This recent post from Michael Vizard hits some good points about virtualization and the branch office. Apparently Blue Coat Systems determined that 59% of IT managers surveyed have deployed virtual servers in branch offices. Big deal, you say. Well, as Michael points, out more virtual servers means more network traffic. Not a problem on the LAN but potentially a big problem on the WAN. Where’s that bandwidth going to come from? Who’s going to manage it? Who’s going to pay for it?
Another point Michael made is something I’ve seen ever since I started working in this field:
But more often than not, the folks in the branch office tend to do what they please when it comes to servers. It’s only when that activity starts having a negative impact on the network that corporate IT takes any notice of what’s happening in the branch office.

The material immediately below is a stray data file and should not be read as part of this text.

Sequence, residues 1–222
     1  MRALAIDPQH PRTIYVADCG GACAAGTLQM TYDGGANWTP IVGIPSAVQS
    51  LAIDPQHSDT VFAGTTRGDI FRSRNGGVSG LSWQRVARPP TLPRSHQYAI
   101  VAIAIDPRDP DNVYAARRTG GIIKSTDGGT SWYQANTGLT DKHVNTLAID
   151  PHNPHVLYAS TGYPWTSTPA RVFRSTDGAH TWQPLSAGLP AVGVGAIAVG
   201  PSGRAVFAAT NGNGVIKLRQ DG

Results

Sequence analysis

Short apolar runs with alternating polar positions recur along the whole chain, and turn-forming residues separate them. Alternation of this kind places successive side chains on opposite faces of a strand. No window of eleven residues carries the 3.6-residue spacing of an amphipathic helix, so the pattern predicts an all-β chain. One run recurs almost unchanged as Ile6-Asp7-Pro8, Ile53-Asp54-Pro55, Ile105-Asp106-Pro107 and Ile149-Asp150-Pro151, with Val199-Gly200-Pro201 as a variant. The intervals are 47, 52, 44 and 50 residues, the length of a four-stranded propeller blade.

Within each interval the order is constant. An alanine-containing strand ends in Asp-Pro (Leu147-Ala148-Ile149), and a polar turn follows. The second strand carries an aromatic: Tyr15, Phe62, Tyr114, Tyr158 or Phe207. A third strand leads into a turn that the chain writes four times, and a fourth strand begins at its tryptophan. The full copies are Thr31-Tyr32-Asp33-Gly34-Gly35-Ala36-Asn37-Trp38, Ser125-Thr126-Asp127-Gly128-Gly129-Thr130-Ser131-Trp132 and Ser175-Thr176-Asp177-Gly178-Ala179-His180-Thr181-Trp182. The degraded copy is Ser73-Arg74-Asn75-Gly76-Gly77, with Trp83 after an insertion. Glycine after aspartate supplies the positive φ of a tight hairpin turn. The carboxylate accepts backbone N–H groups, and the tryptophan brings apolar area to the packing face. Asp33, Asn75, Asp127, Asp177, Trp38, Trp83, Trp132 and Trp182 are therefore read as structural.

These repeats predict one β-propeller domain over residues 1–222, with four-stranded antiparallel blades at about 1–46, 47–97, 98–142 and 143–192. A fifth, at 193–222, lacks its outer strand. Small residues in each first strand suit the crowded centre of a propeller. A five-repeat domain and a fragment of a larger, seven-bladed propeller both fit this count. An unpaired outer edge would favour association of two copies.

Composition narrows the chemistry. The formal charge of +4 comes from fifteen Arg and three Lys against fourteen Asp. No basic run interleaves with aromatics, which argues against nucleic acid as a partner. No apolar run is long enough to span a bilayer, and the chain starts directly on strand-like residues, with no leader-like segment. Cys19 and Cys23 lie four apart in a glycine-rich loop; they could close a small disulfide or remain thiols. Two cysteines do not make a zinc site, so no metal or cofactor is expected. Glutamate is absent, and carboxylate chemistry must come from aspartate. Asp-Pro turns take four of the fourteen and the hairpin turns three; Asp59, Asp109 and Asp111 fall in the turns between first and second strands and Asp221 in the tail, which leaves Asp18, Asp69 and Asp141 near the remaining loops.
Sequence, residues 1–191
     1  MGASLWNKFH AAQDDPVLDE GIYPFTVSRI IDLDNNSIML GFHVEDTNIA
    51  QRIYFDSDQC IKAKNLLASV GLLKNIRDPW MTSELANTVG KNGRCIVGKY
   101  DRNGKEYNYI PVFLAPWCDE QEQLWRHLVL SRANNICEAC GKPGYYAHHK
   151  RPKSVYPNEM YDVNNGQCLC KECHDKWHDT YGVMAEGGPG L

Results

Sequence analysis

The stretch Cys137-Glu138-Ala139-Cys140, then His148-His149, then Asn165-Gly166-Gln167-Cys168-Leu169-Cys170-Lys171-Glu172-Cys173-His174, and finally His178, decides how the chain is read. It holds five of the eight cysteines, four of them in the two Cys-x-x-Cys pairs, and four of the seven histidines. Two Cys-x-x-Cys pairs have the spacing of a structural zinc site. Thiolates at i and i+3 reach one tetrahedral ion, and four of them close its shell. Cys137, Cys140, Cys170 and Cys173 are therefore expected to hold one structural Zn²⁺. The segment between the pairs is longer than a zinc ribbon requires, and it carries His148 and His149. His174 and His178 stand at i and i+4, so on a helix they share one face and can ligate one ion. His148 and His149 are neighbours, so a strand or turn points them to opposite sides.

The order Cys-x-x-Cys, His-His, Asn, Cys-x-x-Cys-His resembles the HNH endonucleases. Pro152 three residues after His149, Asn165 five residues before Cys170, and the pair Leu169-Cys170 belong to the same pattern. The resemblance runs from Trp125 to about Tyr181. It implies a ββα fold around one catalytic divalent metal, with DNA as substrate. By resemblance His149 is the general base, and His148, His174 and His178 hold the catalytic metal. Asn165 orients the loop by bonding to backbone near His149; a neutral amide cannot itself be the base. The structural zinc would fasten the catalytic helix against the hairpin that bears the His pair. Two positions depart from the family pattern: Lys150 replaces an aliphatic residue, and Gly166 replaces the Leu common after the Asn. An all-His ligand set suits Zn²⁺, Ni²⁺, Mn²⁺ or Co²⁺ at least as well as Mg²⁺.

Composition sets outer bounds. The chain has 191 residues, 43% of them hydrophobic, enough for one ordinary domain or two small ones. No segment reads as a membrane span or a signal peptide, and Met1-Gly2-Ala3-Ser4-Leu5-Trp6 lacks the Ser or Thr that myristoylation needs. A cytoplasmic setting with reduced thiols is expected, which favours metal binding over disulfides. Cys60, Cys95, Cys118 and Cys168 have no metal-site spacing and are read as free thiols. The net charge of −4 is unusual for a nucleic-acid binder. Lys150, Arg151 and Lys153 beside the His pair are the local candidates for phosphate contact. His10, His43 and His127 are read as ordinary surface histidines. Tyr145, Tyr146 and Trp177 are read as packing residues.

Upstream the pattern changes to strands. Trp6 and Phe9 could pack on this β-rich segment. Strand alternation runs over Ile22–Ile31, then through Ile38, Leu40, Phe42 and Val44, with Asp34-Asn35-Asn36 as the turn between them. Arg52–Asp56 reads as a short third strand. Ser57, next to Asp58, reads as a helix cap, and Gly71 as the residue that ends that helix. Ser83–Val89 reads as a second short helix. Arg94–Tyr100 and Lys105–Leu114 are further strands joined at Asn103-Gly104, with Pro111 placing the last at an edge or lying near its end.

In other words, the typical branch office is often ignored – sometimes forgotten about – when it comes to computing resources. I don’t know if this is a flaw of a centralized IT management model or just a sign that the average network manager is too overwhelmed. Regardless, it’s a problem that cannot be ignored if you’re going to manage IT and, more specifically, virtualization and network bandwidth at remote offices. Perhaps an impending “virtualization management crisis” is indeed on the horizon?
Certainly something to think about.
Kevin Beaver is an independent information security consultant, keynote speaker, and expert witness with Principle Logic, LLC and a contributor to the IT Watch Blog.